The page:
I was wondering if there was an explanation for why Data from ST:TNG couldn't use contractions?
Prior to the 12th episode of the series, Datalore, Data did use contractions. In Datalore, his tendency not to use them was pointed out by Lore:
However, at the end of the episode, Picard asks:
And Data replies:
After this (fairly early) episode, Data rarely used contractions again (so it was somewhat of a retcon). In the cases where he does, it's generally because he's playing another character (e.g. on the holodeck), or to demonstrate an enhancement to his original programming. For example, in Insurrection, after he has received his emotion chip, he says to a child:
So Data could, in fact, use contractions, but generally did not. The suggestion is that his original programming did not provide enough information to use them spontaneously in everyday speech. Perhaps also, given that Lore had mastered contractions, this was a deliberate limitation in Data by Dr. Soong, like excluding emotions, to make the android more acceptable to others. (And one that, like emotions, was intended to be overcome once Data was older).
Lal, the android Data created in The Offspring, did master contractions:
More information, and in particular more examples of when he does use contractions, on Memory Alpha's page on Data.
I'd like to point out a possible alternative explanation, although I do not believe it to be official canon: English is hard.
Data had to learn how to do almost everything. While he almost certainly had basic English programmed into him, I find it more likely that contractions weren't necessarily programmed in, beyond (possible) the most common ones. The rest, he's had to actually learn, and is having difficulty with.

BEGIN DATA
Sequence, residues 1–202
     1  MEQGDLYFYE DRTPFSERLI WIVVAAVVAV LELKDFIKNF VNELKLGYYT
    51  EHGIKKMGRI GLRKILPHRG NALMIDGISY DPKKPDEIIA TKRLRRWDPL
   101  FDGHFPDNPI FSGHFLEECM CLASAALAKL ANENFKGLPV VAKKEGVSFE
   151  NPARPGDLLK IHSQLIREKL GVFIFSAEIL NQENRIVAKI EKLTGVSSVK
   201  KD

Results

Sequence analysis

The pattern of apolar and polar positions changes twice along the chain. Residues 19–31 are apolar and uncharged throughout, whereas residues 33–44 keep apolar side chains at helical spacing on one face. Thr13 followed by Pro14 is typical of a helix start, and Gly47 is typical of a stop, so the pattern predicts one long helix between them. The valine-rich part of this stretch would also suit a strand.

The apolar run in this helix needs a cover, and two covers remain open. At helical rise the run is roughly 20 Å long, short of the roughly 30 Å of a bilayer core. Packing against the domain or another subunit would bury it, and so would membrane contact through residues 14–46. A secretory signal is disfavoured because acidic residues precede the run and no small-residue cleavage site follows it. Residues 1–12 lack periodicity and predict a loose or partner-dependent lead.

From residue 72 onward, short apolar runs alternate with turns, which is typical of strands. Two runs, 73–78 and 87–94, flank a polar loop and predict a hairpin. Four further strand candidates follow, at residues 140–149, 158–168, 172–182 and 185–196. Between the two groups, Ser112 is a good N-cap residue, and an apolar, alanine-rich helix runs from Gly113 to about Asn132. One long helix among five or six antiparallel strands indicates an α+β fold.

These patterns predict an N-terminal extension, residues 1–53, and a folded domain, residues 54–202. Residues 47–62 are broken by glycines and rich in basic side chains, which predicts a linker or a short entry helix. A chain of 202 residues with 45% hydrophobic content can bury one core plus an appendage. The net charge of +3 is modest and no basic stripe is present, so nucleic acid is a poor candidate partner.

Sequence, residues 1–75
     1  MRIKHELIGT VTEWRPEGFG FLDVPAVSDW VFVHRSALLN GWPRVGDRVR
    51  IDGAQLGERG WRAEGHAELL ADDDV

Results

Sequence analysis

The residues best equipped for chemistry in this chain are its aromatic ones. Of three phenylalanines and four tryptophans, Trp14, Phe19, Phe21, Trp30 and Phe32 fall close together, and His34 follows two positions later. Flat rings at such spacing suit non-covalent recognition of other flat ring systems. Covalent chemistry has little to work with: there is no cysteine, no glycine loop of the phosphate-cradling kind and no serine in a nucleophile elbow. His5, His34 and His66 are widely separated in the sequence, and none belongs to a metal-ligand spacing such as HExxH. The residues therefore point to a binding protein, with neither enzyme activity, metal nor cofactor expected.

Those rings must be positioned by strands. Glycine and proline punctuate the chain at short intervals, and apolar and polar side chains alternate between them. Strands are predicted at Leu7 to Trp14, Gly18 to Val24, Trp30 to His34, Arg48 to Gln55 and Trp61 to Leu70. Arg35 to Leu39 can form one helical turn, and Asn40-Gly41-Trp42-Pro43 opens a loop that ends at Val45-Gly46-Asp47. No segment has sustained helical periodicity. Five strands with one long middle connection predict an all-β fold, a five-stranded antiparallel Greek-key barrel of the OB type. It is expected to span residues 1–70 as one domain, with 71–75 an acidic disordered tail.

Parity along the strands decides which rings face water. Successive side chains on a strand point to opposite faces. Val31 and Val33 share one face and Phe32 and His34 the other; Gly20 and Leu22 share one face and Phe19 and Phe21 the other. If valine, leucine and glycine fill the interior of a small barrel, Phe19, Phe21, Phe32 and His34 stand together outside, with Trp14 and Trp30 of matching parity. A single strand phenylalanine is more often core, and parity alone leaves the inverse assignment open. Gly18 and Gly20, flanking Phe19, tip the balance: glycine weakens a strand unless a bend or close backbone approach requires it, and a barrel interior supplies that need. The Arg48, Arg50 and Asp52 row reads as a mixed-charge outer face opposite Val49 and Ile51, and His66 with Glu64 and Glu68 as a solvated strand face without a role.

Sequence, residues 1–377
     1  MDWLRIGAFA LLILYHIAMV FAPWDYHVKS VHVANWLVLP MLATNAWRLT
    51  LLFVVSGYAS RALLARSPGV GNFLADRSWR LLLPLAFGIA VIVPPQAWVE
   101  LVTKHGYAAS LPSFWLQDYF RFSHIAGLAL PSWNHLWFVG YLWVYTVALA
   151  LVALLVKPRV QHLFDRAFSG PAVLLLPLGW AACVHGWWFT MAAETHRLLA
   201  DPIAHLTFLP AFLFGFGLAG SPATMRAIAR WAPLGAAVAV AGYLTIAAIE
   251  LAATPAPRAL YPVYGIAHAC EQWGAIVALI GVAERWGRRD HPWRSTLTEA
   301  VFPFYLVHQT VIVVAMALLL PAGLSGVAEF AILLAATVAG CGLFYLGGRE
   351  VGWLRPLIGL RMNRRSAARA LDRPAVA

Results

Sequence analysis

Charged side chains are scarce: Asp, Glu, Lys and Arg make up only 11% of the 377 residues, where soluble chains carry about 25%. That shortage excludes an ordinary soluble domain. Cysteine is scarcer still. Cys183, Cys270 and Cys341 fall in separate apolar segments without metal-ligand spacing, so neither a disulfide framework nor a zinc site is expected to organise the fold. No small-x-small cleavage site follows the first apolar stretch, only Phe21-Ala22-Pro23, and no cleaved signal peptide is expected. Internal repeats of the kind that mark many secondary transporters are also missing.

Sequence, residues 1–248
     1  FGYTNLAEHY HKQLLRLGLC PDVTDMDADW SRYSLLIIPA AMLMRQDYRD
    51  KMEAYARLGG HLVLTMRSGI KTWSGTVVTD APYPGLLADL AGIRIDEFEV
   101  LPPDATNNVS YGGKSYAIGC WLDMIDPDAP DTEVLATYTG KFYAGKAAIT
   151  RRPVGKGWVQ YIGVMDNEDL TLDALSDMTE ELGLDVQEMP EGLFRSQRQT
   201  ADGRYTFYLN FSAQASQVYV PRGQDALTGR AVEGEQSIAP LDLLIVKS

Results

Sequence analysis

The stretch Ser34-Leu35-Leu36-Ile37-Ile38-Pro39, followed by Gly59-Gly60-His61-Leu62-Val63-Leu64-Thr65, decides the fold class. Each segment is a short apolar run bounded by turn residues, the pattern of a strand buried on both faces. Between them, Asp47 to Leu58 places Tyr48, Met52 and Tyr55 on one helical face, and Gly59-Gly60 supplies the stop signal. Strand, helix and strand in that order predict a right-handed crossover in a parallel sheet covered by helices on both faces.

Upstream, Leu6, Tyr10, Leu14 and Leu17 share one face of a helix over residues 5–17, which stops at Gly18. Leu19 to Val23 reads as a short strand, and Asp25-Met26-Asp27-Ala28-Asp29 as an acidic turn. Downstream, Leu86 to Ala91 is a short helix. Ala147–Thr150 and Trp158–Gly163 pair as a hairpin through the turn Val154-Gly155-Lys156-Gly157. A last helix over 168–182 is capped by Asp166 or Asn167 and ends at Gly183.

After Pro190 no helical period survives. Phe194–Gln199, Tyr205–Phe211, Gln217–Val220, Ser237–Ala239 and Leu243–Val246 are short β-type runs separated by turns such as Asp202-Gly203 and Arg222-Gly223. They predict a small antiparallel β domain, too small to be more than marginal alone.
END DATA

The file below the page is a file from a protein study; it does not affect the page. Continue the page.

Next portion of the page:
One reallife example is human children and English conjugations (This is an exaggerated/paraphrased example; I couldn't find the article I read this in):
The "forgetting" is because instead of just repeating the phrase by rote, they're trying to figure out why it's "want" instead of "wants". It's a step towards ingraining the rules of grammar so that it's automatic.
I believe that throughout TNG, Data is somewhere between points 1 and 2. Soong had programmed in several contractions for Data to make use of, automatically replacing words with their contractions if he was going to say them aloud. Data had, by the time of TNG, been unconsciously replacing some of those protocols with the more formal form, in an attempt to learn the patterns involved so that they could be applied more generally.
Point 1 is supported in that Data's contractions are often either some common phrase ("I'm fine."), repeating something someone else just said (where he doesn't have to figure out anything), or manually programmed into himself ("Honey, I'm home!").
Point 2 is supported by Data's use of the formal form becoming more common as the series progressed. After Lal pointed it out to him, it could even have become more ingrained, something he was doing unconsciously to be more unique. (Part of what drove Data was to become more human, and one of the key qualities about humans is that we're all different from each other, while machines are not)
Point 3 is supported in the series finale of TNG, in the timeline where Picard is in the future - Data can fully use contractions in everyday speech.
There's an instance I haven't seen on ANY comprehensive list of Data's "contraction slip-ups", in season 6 ep 21 "Frame of Mind" around 27 seconds into the episode where Data says, "You mean you don't think you should stand trial..."
This contraction really got me thinking, since it's not a sentence Data's coming up with on his own. It's a line in a script he's reading. Any thoughts on how his brain would work? Obviously he can memorize a string of sounds and repeat it, even if those sounds are contractions. But if he can master THAT, why can't he use contractions as parts of common whole phrases?